Canyons and Plasma


Canyons and Plasma


The pile MAG-90 had been sitting in the corner of the hanger, nabbed months ago from some grey market dealer. They were not supposed to have it but there it was. Hiro had machined it down into magnetic rings, big ones, and Jimmy had been eying them off ever since.

A Mars colony native, Jimmy Jones, ‘Overclocker’ to everyone that knew him, had been messing with power plants for as long as he could remember. ‘Jones Dynamics’ seemed the logical place for him to ‘go’; as everyone would agree, he did not have the right temperament for the mines. Those that really knew him though would say the whole Jones Dynamics thing was just an excuse to keep canyon racing; most had given it up when they realised they were unable to keep up with the ‘pros’ but with his company behind him, Jones was able to keep up... just.


For months Jones had been messing with trying to get a small Fusion plant to work. Not as a commercial idea mind you but as a one up on his racing competition. He figured if he nailed it, the fusion plant when combined with what Hiro was calling the Helium 6 Thruster, would make him unstoppable. But keeping the fusion plasma under control, that was the issue. Sure, it’d been nailed over a century back for industrial sized power plants but finding enough magnetic force for smaller scales, that was another story.

It was late on a Monday when he had the idea. He’d heard about what MAG-90 could do when enough current was pumped into it but cooling it was the issue. As such, it was mostly relegated to being turned into inert alloy, or kept in experimental labs across the system. After two decades of designing and developing power plants though, Jones knew more than ‘most’ when it came to cooling shit down and that’s when the idea popped in his head. Taking a liquid nitrogen cooling jacket they were fitting to mining rigs working the belts, and embedding it into the MAG-90 rings Hiro had machined, Jones found a way to cool the rings from the inside out. It was stupidly simple but it took his unique experience to piece it together.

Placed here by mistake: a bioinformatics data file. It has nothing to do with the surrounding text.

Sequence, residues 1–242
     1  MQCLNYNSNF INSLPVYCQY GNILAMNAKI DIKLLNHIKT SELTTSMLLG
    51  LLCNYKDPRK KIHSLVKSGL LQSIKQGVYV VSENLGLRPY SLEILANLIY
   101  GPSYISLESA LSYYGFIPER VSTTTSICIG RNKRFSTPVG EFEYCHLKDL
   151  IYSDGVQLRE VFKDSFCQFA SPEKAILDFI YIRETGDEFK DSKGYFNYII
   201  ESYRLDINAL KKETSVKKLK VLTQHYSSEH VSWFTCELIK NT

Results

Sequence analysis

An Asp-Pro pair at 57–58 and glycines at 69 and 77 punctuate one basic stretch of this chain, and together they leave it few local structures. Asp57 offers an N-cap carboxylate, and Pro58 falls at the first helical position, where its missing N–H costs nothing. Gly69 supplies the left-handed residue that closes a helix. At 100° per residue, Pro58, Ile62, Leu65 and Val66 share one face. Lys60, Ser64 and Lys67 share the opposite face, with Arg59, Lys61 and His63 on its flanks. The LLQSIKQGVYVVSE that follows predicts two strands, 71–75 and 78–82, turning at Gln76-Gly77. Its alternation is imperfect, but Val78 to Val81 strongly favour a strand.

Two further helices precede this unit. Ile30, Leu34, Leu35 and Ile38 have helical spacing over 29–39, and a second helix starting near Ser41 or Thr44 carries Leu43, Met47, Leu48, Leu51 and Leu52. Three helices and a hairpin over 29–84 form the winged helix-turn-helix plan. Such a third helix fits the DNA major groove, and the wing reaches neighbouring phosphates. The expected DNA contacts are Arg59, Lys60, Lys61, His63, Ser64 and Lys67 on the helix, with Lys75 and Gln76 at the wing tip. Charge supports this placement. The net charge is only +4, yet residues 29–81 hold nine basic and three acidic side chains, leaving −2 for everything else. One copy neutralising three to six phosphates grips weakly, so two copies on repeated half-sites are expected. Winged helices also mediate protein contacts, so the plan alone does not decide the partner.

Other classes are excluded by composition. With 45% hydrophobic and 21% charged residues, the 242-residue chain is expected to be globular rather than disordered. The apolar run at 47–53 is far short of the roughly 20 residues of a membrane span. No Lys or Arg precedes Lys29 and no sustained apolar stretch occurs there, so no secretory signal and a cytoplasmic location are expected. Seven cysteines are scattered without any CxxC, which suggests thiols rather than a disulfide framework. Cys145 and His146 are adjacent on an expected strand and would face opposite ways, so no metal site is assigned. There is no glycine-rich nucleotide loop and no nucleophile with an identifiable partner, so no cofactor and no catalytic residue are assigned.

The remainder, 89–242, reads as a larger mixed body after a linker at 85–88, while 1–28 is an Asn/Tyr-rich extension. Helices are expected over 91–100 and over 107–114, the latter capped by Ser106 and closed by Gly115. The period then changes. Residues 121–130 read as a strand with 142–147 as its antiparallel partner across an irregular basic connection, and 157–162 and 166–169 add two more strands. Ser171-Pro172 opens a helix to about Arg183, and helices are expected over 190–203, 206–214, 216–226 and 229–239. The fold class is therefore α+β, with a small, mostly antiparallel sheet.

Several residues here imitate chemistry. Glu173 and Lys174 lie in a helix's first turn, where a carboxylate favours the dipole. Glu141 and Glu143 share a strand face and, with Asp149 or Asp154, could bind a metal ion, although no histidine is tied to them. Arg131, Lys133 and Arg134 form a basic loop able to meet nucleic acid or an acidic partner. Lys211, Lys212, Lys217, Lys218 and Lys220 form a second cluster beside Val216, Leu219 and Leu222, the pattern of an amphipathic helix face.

From there it was like a, b, c. Mount the rings to surround a small fusion toroid, get the toroid up and running and before it could turn the lot into a molten mess and his workshop to a charred hole in the ground, siphon off power created to charge the MAG-90 rings which in turn stabilised the plasma in the toroid; a process that ultimately became known as the ’Jones Jump’. And that was it. With the reactor running and stable, Jones was able to rig it, and the H6 Thruster, unbeknownst to Hiro, to his canyon racer.

A week later, 3 clicks from the start line, Jones and his canyon racer vanished in a blinding white flash. The exact cause was never really worked out, though Hiro, Jone’s 2IC, guessed the whole thing was just too powerful for the lightweight canyon racer and Jones simply lost control and hit the wall; Jones had a habit of not listening to Hiro when it came to anything to do with canyon racing. Seeing the whole lot was effectively just strapped to the chassis, there was no way the reactor was not going to rupture on impact… and that was that.

Hiro Tokoyama took over the lead role at Jones Dynamics and managed to reverse engineer what Jones had done, ending up with the JOkR within a year. As the H6 was already Hiro’s pet project, he continued leading the work and it went on to become the Vector Thrust Drive; together these two systems pushed mankind deeper and further into space than it ever thought it would go.

© 2018 G.Thomas/Play Forest


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